Balance the books at the end of every month
With your accounting software in place and business transactions feeding it data, you’re ready to check to see if there are any money leaks. Luckily, accounting software makes account reconciliation a snap.
Your balance sheet (which essentially shows all of your business’ assets and all of its liabilities) is the ultimate source of truth that informs all of your business finances.
Once you’ve made sure that all of your business income is reflected in your accounting system (if you’re small enough you can do this manually, but it’s easier to use the invoicing system that comes standard with all accounting software) along with all of your expenses (connect a business bank account and integrate your payroll to make this easier), balancing your books will be as easy as running a reconciliation report.
Here’s a quick, two-minute guide from QuickBooks on how to reconcile your accounts:
How to Reconcile Your Accounts in QuickBooks (Source)
Your accounting software should also remind you to do this every month, so you can focus on running your business and making money for your software to tell you about.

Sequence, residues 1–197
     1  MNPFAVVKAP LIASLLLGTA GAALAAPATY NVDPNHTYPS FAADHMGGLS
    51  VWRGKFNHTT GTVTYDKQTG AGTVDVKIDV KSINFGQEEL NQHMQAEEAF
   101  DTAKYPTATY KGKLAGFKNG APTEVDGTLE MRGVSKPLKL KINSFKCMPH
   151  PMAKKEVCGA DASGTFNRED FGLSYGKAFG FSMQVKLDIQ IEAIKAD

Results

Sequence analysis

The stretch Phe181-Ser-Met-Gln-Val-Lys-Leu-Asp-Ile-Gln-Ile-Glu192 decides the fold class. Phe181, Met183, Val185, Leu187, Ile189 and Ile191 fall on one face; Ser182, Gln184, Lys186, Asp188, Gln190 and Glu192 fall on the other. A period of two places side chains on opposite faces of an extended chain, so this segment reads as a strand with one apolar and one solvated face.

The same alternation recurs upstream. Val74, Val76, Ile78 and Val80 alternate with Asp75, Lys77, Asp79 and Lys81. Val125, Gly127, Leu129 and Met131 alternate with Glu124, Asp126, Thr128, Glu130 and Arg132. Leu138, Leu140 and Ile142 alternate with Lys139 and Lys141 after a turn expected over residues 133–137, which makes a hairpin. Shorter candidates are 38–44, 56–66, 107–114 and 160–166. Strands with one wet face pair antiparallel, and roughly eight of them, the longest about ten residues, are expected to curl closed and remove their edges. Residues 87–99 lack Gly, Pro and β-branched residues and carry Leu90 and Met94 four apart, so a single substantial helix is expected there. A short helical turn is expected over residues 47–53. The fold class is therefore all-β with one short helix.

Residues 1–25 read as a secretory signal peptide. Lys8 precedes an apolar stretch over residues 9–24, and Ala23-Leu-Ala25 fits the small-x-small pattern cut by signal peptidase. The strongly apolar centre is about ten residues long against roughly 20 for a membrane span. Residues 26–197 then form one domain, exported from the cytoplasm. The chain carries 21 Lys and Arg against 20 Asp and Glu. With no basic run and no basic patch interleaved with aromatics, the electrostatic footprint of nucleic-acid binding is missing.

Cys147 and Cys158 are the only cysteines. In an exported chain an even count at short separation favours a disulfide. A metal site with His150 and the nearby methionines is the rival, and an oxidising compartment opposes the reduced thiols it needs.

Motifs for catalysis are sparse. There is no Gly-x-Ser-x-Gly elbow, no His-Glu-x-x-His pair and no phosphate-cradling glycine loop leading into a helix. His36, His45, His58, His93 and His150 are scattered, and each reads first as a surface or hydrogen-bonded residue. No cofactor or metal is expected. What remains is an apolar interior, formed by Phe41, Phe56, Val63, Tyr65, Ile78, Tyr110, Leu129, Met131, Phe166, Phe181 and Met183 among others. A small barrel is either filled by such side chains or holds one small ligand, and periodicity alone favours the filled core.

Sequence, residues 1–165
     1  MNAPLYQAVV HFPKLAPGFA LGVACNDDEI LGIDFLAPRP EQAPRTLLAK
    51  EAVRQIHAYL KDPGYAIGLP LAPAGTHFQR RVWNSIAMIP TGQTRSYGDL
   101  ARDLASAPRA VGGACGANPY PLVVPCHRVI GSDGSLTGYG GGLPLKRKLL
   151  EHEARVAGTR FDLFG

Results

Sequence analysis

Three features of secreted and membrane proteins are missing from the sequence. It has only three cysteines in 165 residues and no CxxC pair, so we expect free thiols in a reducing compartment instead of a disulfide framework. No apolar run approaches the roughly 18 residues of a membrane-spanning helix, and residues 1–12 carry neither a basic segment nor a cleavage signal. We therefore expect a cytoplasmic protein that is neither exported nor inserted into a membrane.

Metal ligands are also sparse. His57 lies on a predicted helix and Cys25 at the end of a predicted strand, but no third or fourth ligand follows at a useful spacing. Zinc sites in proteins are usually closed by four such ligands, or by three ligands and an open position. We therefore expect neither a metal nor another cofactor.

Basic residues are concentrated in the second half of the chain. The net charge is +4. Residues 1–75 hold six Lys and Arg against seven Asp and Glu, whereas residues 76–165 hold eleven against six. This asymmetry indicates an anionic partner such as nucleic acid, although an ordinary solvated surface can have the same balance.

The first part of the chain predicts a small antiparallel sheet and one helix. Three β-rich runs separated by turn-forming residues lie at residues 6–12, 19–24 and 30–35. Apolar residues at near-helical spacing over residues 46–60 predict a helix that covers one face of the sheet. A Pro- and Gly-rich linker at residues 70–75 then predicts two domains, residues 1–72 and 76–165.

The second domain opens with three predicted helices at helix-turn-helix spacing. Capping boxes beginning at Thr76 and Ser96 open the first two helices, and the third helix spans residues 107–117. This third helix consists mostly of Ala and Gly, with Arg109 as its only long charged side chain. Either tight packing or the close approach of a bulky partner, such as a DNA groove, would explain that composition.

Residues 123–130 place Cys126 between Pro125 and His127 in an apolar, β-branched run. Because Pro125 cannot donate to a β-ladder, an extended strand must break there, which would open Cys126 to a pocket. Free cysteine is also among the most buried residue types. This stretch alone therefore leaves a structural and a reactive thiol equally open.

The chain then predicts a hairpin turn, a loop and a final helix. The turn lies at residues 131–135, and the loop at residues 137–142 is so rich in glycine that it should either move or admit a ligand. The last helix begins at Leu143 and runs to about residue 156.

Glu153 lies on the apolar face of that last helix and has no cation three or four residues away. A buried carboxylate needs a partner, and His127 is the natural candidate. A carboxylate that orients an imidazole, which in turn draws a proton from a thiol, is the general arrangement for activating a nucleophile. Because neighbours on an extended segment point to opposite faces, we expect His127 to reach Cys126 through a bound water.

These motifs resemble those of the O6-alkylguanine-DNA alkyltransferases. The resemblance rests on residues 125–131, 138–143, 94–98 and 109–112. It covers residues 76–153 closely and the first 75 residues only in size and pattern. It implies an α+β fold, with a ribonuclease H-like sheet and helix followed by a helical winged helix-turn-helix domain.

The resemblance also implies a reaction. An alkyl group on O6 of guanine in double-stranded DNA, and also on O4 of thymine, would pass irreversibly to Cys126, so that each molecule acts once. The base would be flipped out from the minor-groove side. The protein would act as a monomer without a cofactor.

Track your essential reports
Great news: If you’ve made it this far, this part will be easy and rewarding. You have your accounting software set up, you’re keeping your business expenses separate from personal expenses, and you’re making sure everything is balanced at the end of every month.
Now you can use your software to produce bookkeeping reports that will let you know how your business is doing.
For starters, here are the three essentials, and what you can learn from them:
- Balance sheet. As we saw in the section above, this report shows you everything you have against everything you owe. Here’s an example if you need one.
- Income statement. Also known as the profit and loss statement, this report shows you all of the assets that came into (revenue) and went out of your business (expenses) during a period of time (a month, quarter, or a year).
- Cash flow statement. Similar to the income statement, the cash flow statement shows the money coming in and going out of your business over a period of time. The difference is that the cash flow statement is just money, while the income statement includes non-cash accounting, such as real estate value and equipment depreciation.
An example of a balance sheet (Source)
Use these three reports to keep track of your business’ financial health and make decisions on when to throttle spending versus when to invest in growth.
Stay on top of your small-business bookkeeping
Congratulations! You have the basics of small-business bookkeeping down. But as your business grows, it’s going to get more complicated and you’ll eventually need help.
One of the smartest things you can do as a business owner is to admit when you’re in over your head and call in help from a professional. Here’s a guide on how to know when it’s time to call in an expert.
For more small-business accounting tips, follow our blog. Here are a few relevant articles to start with: